This is a strange one. A bit like wandering through the fantastical mind fortresses of a young person in the throes of a hormonal rush and seeking the meaning of her life. Don’t most of us go through the phase of thinking we know it all and can rule the world?
Katherine is seeking answers about herself in the events of the past. Specifically in her parents’ past. Katherine Carlyle lives in a world of dreams, imagined scenarios and a vivid imagination. Sometimes it seems a little more than just the harmless daydreams of a well to do young girl.
Katherine is used to getting what she wants when she wants it. She hasn’t had to do without anything, except perhaps the attention of her father, since her mother passed away.
Katherine is obsessed by her conception. The fact she is an IVF baby makes her obsess about two things. Why her parents left her in a container for so long, and the repercussions of her birth. Guilt plays a major factor in her actions and her belief that Daddy doesn’t love her enough.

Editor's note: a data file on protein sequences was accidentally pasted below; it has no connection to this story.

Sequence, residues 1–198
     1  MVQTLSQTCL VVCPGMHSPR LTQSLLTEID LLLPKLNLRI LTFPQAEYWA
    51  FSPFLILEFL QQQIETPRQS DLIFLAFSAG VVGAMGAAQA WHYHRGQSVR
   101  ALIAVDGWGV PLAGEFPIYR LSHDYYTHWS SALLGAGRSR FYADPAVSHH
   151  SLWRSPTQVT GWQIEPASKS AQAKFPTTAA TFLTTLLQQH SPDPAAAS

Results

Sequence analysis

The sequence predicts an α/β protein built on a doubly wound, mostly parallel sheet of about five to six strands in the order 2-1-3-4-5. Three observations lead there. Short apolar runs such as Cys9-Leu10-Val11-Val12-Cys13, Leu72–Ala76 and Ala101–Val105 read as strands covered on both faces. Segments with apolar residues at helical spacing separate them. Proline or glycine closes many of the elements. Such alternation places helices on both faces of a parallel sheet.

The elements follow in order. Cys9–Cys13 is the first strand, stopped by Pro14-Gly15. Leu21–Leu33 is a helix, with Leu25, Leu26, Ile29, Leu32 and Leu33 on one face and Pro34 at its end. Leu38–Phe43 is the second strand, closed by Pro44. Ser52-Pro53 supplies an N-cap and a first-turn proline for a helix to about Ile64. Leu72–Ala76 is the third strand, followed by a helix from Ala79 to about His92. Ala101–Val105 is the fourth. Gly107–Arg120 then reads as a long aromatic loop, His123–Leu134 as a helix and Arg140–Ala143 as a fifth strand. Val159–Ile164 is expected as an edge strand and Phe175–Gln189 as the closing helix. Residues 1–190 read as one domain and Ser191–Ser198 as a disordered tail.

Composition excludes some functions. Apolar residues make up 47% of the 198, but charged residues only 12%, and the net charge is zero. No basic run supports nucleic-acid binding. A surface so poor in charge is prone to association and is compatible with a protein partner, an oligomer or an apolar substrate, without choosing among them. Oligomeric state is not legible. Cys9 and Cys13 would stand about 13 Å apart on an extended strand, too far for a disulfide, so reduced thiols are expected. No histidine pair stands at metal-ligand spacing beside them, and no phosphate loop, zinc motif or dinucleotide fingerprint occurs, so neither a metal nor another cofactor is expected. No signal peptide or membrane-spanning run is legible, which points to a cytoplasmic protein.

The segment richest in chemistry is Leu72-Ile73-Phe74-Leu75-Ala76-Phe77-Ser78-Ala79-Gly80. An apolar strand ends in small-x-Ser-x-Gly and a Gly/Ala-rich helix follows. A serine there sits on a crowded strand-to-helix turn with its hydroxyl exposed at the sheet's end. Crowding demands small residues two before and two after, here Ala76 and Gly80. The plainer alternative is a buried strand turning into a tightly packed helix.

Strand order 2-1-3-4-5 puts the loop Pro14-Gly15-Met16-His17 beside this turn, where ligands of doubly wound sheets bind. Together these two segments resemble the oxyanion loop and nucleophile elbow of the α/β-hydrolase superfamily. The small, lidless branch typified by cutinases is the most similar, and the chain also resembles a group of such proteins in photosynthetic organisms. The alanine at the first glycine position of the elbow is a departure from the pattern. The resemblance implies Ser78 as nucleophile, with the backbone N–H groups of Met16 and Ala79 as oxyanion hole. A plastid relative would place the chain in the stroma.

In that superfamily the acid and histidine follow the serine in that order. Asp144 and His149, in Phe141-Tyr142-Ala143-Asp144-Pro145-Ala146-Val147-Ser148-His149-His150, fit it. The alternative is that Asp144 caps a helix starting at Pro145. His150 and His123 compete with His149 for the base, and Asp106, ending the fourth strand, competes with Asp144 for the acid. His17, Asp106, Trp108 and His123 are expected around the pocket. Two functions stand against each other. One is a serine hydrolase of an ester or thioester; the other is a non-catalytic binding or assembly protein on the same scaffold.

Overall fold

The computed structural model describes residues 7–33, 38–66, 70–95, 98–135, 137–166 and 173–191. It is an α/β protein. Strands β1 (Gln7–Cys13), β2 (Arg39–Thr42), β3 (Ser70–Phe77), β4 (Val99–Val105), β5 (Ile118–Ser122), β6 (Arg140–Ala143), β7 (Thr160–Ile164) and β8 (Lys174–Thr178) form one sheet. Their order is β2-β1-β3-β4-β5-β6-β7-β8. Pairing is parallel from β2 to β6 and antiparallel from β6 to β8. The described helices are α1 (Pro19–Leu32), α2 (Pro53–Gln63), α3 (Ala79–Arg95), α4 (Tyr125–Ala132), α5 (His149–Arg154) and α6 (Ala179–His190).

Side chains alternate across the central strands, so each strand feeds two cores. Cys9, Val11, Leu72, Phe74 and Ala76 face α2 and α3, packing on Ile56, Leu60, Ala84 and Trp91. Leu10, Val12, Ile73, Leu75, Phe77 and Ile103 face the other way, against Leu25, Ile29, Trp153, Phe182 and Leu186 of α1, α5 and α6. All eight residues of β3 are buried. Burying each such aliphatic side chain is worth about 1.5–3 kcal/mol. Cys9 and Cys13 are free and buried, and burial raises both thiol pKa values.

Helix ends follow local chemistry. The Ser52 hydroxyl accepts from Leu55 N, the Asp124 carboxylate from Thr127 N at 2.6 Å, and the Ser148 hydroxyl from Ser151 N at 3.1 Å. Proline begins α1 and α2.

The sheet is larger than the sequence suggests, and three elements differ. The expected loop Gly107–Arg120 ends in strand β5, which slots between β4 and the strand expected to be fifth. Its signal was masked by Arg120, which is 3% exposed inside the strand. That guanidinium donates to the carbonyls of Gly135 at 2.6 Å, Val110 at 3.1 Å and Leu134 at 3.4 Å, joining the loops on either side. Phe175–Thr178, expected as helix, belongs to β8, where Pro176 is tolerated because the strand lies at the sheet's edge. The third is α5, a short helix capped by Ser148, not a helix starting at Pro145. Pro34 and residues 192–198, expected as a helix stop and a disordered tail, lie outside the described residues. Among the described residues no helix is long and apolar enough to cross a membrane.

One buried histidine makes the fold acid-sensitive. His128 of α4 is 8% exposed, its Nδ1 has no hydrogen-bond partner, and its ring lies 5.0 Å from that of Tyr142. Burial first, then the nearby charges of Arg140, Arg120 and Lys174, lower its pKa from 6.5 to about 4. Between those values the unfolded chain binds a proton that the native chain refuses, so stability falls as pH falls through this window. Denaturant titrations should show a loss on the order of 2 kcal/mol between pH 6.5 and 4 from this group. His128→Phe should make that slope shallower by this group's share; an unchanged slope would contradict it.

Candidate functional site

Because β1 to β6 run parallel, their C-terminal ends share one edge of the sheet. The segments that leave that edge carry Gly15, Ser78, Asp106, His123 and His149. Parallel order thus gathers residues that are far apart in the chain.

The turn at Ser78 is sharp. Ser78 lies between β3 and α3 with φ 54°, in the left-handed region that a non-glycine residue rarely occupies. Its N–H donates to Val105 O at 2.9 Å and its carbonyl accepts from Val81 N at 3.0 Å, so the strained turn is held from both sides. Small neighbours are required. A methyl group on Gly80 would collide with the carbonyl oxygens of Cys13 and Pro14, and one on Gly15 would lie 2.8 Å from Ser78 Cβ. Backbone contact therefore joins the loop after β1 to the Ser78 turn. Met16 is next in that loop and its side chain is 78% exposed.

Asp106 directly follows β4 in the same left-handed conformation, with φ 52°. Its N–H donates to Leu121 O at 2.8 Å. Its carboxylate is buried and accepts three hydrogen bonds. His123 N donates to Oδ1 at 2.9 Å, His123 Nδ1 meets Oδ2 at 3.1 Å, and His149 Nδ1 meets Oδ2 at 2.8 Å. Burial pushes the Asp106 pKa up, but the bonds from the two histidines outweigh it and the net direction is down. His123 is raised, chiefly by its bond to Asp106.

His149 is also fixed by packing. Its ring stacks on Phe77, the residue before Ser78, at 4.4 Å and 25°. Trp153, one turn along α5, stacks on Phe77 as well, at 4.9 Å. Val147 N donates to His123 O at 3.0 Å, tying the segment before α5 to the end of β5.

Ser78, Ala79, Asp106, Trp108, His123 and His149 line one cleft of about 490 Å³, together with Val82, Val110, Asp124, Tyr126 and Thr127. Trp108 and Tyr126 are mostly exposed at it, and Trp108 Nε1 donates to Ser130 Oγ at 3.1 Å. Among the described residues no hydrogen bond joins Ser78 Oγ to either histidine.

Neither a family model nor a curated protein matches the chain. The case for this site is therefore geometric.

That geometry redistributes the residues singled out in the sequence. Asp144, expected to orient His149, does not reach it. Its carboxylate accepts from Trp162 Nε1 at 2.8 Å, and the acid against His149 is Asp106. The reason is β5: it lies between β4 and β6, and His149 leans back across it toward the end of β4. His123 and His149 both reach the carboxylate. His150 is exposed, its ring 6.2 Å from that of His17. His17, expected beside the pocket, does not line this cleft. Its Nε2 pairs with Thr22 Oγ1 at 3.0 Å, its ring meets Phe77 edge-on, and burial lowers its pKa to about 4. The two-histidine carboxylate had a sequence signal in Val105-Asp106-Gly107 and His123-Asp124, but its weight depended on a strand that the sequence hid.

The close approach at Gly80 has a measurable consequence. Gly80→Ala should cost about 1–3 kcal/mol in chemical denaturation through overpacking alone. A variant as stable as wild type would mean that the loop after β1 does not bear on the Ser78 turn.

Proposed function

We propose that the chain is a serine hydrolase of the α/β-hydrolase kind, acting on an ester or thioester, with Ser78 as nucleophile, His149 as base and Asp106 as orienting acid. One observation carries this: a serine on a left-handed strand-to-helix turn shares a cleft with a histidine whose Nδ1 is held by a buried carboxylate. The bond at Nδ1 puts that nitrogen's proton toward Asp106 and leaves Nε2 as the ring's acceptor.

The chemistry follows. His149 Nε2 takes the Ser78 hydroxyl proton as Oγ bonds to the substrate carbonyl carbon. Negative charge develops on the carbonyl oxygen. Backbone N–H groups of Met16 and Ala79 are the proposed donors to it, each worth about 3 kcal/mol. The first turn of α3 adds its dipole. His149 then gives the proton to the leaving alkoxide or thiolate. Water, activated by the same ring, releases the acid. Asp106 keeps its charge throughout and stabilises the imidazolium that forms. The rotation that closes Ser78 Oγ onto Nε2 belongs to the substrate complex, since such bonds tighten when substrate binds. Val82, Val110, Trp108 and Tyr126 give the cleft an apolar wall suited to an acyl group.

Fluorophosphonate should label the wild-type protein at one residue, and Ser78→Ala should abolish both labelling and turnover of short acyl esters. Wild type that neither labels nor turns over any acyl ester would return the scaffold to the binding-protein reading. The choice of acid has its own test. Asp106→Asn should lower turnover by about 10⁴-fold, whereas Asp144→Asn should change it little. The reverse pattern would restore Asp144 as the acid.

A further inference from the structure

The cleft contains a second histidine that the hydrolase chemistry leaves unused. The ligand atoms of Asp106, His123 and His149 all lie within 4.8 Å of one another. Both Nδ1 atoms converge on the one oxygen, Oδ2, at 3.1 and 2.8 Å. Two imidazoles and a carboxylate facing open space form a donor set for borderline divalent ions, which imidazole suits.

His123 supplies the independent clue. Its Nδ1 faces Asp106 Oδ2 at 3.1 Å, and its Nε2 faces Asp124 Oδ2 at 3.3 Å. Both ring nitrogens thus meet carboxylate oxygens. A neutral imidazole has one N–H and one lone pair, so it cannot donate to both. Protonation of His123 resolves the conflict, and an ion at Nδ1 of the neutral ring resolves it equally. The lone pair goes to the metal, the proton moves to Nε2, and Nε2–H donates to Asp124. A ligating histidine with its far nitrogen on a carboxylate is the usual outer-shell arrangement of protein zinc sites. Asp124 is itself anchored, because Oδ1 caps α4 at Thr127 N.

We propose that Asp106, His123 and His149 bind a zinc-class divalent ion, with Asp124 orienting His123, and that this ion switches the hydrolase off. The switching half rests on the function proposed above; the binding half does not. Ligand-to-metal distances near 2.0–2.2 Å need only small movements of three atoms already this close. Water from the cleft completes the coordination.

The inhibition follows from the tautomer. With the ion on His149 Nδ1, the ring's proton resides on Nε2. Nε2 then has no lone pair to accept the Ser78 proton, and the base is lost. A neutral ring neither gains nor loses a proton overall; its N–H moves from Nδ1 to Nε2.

So she creates scenarios in her mind, the way she would like people to react and act towards her, which is in direct juxtaposition to her reality. Katherine puts herself in dangerous situations. Possibly because she wants to be rescued, actually she does want to be rescued, she just doesn’t realise it yet.
What she wants is for Daddy to prove how much she means to him by coming for her, by looking for her and for turning over every stone to find her. That’s all fine and dandy, well perhaps it is a wee bit adolescent, but for the fact Daddy doesn’t even know she is gone. Daddy is blissfully unaware of Katherine and her fantastical world of connections. Lucky him.
Katherine pushes the boundaries till the point of constant danger, and then she pushes some more. The end result is a nightmare. Some people would say an inevitable nightmare if you live in a bubble and believe you will always be safe just because you think and say you will.
As I said in the beginning, this was a strange one. I think it is one of those books that will mean a variety of things to different people depending on their own frame of reference.
Thank you to NetGalley for my copy of Katherine Carlyle.